Readers may or may not know that the official organ of the Communist Party of Britain, the Morning Star, has recently become free to view on the internet.
While reading the letters page earlier this morning I came across evidence for the view that while an uncomfortable number of leftists currently view Islamism and its practitioners through rose-tinted sunglasses, the malaise is not neccessarily widespread and terminal.
Exhibit A is a depressing letter from Keith Flett of Tottenham – prolific correpondent to the press, proud beard-wearer and long-time SWP member.
Here’s what he says about recent events in Gaza:
ISRAEL, a nuclear armed power, reacts to alleged rocket attacks from inside Gaza by air strikes that kill and injure hundreds.
The action is disproportionate and almost certainly illegal under international law. Normally, Western powers faced with such a situation would cut off diplomatic ties and threaten to send troops.
In fact all that has happened is that Israel has been asked to be a bit more careful in future. If anyone is looking for the root cause of continuing terrorism originating in the Middle East, here would be a good place to start.
Writing to a newspaper to condemn Israel’s recent air-strikes on Gaza is a perfectly proper thing to do – something not normally deserving of comment; it would also be wrong to take umbrage at the mistaken confidence with which Flett delivers his rather pat legal view – a wry smile is the correct response to such an amateur ‘analysis’. What should, however, be objected to is the fact that someone who describes himself as a historian decided to refer to ‘alleged rocket attacks from inside Gaza’. Wouldn’t it be more honest to drop the word ‘alleged’? After all, no-one in the world, not even Hamas are denying the fact of the rocket attacks.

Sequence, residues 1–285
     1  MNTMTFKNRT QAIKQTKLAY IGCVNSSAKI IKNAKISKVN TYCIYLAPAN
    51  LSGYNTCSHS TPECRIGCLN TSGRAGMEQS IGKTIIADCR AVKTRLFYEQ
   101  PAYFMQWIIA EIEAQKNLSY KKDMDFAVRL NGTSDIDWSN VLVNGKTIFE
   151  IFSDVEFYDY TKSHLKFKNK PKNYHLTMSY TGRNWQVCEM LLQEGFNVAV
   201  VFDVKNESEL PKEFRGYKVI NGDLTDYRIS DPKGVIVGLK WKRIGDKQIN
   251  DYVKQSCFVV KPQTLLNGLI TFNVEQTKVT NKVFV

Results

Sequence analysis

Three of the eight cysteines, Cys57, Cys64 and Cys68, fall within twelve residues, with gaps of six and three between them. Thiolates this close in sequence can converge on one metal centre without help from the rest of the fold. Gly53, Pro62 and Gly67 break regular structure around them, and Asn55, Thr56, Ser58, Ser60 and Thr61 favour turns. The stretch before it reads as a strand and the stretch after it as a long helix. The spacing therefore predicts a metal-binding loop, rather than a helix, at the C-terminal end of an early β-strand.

Left-wingers don’t do their credibility any good whatsoever by trying to pretend Hamas rocket attacks aren’t real – as if they’re merely a convenient but mythical pretext for inexplicable Israeli violence or a figment of a hysterical collective imagination. Writing in such weaselly terms merely identifies the signatory as a person who has no compunction about arguing publicly in bad faith if it suits their current political line: in short it’s a handy way to advertise long-term membership of a political party, the SWP, in which mendacity is not only the unchallenged norm, but a way of thinking that has become internalised among its adherents to the extent that they don’t realise they’re doing it.
It is all rather depressing, but a second letter made me think there was still some hope for the survival of a Left without starry-eyed illusions in the ultimate aim of Islamists. It was a report on recent attacks on democratic rights in the world’s first Islamic Republic.
Short extracts below:
The new year in Iran has started where 2008 left off for Nobel Peace prize laureate and human rights lawyer Shirin Ebadi. Five government agents posing as tax officials raided her offices this week.
This follows last week’s raid upon the offices of the Centre for the Defence of Human Rights, when a gathering to commemorate the 60th anniversary of the Universal Declaration of Human Rights was disrupted and the offices were closed down.